THE TERMINAL Add To My Top 10

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Release Date: June 18, 2004

Starring: Tom Hanks, Catherine Zeta-Jones, Stanley Tucci, Chi McBride, and Diego Luna

Genre: Drama

Audience: Teenagers and adults

Rating: PG-13

Runtime: 128 minutes

Address Comments To:

David Geffen, Jeffrey Katzenberg, and Steven Spielberg
DreamWorks SKG
1000 Flower Street
Glendale, CA 91201
Phone: (818) 695-5000
Website: www.dreamworks.com

Content:

(CC, BB, So, LL, V, A, M) Christian worldview including prayer, making the sign of the Cross, lying rebuked, promiscuous sex rebuked, morality extolled, compassion extolled, and self-sacrifice demonstrated by several characters, with an anti-bureaucracy perspective and pro-immigrant perspective; five profanities, of which several are exclamatory, and 17 obscenities, of which many are the hero's mispronunciation of the word “cheat”; some slapstick violence with people falling on wet floors, and threat of violence when man holds knife to his own neck threatening suicide; a kiss and discussions of sex but nothing explicit; no nudity; light alcohol use; no smoking; and some pranks, illegal poker game, taking food from airline carts.

GENRE: Drama

Summary:

THE TERMINAL is an extremely witty movie that will make many cry and laugh, as it explores the character of a man in an airport. Although this is not a big action-adventure fantasy, it is one of the best crafted movies ever and has something in it to appeal to everyone.

Review:

THE TERMINAL is an extremely witty movie that will make many people cry and laugh, as it explores the character of a man in a confined setting. With a surplus of literary references, including ones to Kafka’s THE TRIAL and CYRANO DE BERGERAC, THE TERMINAL tells the story of Viktor, a man from a tiny country somewhere near Russia whose government gets overthrown by a coup while he’s in the airplane flying to New York. When he lands in New York, his passport is no longer valid, his country no longer exists, and he is stuck in limbo.

The head of airport security, Frank Dixon, decides that Viktor can stay in the terminal until his status is resolved. Frank hopes that Viktor will try to escape, thus committing an illegal act so he can be sent to prison. Viktor, however, is patient and law-abiding and learns how to live in their terminal not just for days but for months. First, he figures out that he can collect the luggage carts and get 25 cents back for each one so he can buy food to eat; then he helps a young man who works in airline catering tell his deepest feelings to his beloved and, in return, receives food and drink; and, finally, he demonstrates a tremendous skill in carpentry and so is hired by a work crew.

In these and in many valiant and self-sacrificing ways, including standing up for a passenger who is bringing pharmaceutical drugs to his dying father, Viktor becomes a hero among the employees in the terminal, and not only copes but also triumphs in the face of adversity. He is willing to sacrifice himself for others, and, as a result, others are willing to sacrifice themselves for him.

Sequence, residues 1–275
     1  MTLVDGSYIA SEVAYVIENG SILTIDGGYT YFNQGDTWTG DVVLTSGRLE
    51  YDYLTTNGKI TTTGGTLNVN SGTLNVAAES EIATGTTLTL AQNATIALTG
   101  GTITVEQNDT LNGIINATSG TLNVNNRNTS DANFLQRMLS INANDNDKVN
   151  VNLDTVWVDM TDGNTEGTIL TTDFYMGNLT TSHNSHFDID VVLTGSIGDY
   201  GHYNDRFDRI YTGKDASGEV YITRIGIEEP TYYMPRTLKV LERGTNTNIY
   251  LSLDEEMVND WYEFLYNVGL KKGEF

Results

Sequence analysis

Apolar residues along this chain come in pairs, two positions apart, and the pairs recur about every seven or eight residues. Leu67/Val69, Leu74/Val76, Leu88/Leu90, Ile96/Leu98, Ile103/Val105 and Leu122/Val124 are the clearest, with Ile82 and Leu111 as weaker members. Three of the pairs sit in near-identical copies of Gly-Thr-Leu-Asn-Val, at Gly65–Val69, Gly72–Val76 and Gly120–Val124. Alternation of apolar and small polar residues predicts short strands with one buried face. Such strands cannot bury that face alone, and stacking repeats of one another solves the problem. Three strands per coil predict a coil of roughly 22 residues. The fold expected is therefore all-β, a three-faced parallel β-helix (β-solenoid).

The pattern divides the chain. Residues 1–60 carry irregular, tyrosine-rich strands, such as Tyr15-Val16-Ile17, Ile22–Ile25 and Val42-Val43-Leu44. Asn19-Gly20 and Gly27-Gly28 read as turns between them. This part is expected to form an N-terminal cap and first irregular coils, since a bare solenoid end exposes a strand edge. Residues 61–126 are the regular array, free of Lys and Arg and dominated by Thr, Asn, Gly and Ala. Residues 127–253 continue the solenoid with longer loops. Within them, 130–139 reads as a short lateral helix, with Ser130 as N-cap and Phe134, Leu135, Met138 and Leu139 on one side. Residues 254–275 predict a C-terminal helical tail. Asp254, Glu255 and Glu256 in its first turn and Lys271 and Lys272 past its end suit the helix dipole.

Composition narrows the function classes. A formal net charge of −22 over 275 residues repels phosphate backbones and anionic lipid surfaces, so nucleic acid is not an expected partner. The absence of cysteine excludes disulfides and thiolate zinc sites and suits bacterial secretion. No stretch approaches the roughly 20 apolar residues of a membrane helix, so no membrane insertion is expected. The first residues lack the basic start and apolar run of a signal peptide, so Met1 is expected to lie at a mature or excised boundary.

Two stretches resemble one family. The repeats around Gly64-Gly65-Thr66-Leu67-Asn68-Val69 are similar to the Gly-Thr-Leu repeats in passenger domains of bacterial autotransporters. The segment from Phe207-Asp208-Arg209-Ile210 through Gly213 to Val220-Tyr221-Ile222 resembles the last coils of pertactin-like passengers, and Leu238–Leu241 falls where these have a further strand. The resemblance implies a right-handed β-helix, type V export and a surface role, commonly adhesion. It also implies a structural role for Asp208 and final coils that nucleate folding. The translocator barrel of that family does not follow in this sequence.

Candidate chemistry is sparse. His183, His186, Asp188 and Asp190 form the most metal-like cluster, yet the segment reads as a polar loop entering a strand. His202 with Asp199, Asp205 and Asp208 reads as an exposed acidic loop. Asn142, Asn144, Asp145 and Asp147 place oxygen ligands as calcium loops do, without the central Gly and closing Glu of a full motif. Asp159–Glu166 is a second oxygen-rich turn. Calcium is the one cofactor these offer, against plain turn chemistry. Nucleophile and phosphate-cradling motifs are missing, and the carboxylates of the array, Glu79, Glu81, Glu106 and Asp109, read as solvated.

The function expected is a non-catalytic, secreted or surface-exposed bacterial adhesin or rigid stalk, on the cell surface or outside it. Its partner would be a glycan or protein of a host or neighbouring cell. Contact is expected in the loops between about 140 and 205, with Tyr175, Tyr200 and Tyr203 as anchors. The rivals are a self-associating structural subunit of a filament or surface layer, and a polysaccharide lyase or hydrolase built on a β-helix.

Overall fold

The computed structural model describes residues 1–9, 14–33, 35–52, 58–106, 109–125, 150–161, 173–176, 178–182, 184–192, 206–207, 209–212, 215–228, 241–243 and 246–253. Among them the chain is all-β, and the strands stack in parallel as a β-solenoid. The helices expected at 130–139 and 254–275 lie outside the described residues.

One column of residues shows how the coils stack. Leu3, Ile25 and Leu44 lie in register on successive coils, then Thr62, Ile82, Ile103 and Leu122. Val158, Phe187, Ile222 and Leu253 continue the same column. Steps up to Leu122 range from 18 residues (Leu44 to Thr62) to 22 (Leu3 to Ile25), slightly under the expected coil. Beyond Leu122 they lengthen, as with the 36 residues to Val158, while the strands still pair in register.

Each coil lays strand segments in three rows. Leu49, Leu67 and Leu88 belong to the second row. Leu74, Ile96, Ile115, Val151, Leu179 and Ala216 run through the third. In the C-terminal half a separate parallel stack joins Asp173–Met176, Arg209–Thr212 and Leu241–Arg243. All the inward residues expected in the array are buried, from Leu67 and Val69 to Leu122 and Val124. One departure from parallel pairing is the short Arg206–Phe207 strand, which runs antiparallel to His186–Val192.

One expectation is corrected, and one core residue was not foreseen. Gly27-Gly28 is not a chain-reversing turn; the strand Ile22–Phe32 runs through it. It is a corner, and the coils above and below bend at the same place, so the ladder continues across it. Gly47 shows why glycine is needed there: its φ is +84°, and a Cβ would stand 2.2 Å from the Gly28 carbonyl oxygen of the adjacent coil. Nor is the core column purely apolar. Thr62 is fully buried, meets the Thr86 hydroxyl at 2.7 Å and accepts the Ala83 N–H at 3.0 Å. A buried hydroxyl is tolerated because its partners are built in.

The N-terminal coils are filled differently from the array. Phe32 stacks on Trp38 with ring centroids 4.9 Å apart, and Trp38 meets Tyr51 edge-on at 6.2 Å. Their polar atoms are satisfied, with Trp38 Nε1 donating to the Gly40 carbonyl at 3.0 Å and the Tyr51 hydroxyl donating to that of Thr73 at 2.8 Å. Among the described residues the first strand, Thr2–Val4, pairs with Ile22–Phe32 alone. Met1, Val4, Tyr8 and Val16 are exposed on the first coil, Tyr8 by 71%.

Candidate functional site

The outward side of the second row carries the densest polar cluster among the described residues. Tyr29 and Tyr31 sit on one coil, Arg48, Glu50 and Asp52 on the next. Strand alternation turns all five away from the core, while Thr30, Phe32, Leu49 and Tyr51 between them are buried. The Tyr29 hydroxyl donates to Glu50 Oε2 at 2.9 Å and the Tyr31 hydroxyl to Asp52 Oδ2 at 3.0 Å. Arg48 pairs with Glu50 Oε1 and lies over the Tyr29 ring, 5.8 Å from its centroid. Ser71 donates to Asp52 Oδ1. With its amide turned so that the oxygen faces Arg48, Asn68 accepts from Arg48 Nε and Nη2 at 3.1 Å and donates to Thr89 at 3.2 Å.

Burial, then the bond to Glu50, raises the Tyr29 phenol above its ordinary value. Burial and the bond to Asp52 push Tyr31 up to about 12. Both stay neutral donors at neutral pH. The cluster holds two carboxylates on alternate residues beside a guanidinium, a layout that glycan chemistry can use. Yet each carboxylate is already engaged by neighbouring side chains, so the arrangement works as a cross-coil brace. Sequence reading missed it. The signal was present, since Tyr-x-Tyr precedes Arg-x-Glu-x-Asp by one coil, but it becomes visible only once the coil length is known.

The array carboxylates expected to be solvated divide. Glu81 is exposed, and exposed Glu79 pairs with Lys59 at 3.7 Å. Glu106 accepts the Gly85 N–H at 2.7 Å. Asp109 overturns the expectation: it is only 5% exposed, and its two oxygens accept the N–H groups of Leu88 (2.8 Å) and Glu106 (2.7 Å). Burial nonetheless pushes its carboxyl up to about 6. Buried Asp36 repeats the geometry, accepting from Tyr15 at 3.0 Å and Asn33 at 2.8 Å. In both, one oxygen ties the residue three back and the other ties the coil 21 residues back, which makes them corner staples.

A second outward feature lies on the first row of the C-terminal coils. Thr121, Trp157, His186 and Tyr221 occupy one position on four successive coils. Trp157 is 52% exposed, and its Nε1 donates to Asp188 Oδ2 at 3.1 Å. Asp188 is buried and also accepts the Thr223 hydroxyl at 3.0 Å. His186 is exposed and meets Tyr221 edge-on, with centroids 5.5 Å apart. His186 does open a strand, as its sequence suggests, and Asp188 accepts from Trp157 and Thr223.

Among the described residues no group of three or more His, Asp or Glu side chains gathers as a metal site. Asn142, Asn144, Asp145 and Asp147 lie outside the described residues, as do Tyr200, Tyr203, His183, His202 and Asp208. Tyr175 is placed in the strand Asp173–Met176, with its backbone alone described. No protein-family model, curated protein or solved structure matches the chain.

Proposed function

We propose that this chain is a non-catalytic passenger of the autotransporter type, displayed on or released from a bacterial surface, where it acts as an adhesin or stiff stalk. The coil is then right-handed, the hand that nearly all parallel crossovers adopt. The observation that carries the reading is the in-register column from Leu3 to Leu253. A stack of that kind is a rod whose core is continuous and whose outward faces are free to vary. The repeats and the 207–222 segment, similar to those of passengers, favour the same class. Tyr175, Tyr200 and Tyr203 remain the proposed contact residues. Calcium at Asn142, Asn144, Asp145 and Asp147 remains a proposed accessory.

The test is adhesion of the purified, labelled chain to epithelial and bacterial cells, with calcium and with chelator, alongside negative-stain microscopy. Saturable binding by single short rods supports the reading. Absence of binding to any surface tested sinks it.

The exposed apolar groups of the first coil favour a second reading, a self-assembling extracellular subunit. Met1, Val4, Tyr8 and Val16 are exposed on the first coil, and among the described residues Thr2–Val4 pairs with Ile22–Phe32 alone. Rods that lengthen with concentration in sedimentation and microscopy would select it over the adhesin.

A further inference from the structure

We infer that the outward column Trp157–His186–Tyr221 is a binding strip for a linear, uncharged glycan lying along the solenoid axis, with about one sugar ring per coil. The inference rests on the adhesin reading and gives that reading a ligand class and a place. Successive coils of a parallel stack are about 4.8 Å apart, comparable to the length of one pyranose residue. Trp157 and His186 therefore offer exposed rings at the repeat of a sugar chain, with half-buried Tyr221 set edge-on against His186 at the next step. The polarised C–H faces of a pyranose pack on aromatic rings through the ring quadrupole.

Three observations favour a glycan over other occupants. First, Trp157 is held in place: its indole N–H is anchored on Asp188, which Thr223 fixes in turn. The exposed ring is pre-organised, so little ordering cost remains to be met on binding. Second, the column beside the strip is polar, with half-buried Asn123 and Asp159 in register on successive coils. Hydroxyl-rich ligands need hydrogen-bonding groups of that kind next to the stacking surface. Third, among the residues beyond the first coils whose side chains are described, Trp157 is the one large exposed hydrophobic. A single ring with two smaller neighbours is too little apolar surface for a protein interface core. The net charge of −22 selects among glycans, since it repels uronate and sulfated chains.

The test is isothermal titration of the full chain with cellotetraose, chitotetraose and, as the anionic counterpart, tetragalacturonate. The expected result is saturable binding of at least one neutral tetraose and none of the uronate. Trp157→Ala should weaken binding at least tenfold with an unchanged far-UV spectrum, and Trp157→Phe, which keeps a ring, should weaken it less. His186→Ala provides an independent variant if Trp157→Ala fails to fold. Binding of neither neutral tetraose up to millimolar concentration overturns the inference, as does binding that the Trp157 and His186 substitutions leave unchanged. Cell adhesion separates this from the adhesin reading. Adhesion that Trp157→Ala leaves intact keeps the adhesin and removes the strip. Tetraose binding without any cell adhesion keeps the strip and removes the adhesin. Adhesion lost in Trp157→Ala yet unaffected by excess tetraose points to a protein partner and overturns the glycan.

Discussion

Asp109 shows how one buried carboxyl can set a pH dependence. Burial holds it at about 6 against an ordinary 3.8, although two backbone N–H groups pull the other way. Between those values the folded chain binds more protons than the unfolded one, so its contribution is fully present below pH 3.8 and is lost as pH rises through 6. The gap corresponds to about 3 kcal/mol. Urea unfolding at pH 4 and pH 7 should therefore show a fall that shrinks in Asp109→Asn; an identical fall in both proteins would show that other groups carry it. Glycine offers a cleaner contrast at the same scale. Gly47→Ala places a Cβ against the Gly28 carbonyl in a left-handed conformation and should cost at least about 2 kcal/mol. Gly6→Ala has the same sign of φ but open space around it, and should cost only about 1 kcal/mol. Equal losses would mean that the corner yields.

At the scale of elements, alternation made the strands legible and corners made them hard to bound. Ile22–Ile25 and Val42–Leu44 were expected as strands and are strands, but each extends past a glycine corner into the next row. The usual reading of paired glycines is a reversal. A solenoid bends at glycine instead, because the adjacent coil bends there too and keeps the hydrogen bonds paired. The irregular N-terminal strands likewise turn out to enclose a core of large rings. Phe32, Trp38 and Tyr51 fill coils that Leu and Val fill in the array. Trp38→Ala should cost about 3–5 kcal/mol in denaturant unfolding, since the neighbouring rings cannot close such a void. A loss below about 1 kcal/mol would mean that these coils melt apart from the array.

Stanley Tucci plays a wonderful villain, Frank Dixon. He is extremely nuanced. He is a small-minded bureaucrat who wants to do the right thing but doesn’t have the compassion or wisdom to know what the right thing is. Tom Hanks is absolutely brilliant; his accent and persona are indescribably delightful. His acting must be seen to be believed. Catherine Zeta Jones starts off slowly but becomes a compelling love interest, a flight stewardess who unfortunately makes the wrong decisions about love and life.

Although this is not a big action-adventure fantasy, it is one of the best crafted movies ever and has something in it to appeal to everyone. The small cameo roles are terrific. The Indian exile is extremely amusing and droll. Stephen Spielberg has done a flawless job of directing – and, it is very rare for us to give that commendation.

Unexpectedly, the movie does not promote an open-border perspective toward illegal immigrants, although it does promote compassion. It definitely does have a slight socialist bent, because it has a slight sympathy for illegal immigrants and people look to government to solve their problems, yet it renders a positive portrait of America by showing a positive view of the people who are Americans.

Stephen Spielberg has walked a fine line here. He is to be highly commended. We hope that the Academy remembers this film for an Academy Award next winter. The only caution is some foul language, which is unnecessary, although some of it is amusing, since it is Viktor’s mispronunciation of some American words like "cheat".

In Brief:

THE TERMINAL is an extremely witty movie that will make many laugh and cry. It explores the character of Viktor, a man from a tiny country somewhere near Russia that gets overthrown by a coup while he’s in the airplane. When he lands in New York, his passport is no longer valid, his country no longer exists, and he's stuck in limbo. The head of airport security decides that he can stay in the terminal until his status is resolved but hopes Viktor will escape, thus committing an illegal act so he can be sent to prison. Viktor, however, is patient and law-abiding and learns how to live in their terminal but for months. He becomes a hero among the airport employees.

Stanley Tucci plays a wonderful villain, and Tom Hanks is absolutely brilliant. His acting must be seen to be believed. Although this is not a big action-adventure fantasy, it is one of the best crafted movies and has something in it to appeal to everyone. Director Stephen Spielberg has done a flawless job, and it is very rare for us to give that commendation. He is to be highly commended.